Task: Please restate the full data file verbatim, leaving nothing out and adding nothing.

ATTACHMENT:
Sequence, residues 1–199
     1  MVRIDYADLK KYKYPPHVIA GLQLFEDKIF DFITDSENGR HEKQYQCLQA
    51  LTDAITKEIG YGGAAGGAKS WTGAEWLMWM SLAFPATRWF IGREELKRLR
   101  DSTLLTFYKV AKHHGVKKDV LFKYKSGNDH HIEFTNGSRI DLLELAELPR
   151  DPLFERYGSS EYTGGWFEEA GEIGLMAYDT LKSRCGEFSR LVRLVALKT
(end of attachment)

Sequence, residues 1–199
     1  MVRIDYADLK KYKYPPHVIA GLQLFEDKIF DFITDSENGR HEKQYQCLQA
    51  LTDAITKEIG YGGAAGGAKS WTGAEWLMWM SLAFPATRWF IGREELKRLR
   101  DSTLLTFYKV AKHHGVKKDV LFKYKSGNDH HIEFTNGSRI DLLELAELPR
   151  DPLFERYGSS EYTGGWFEEA GEIGLMAYDT LKSRCGEFSR LVRLVALKT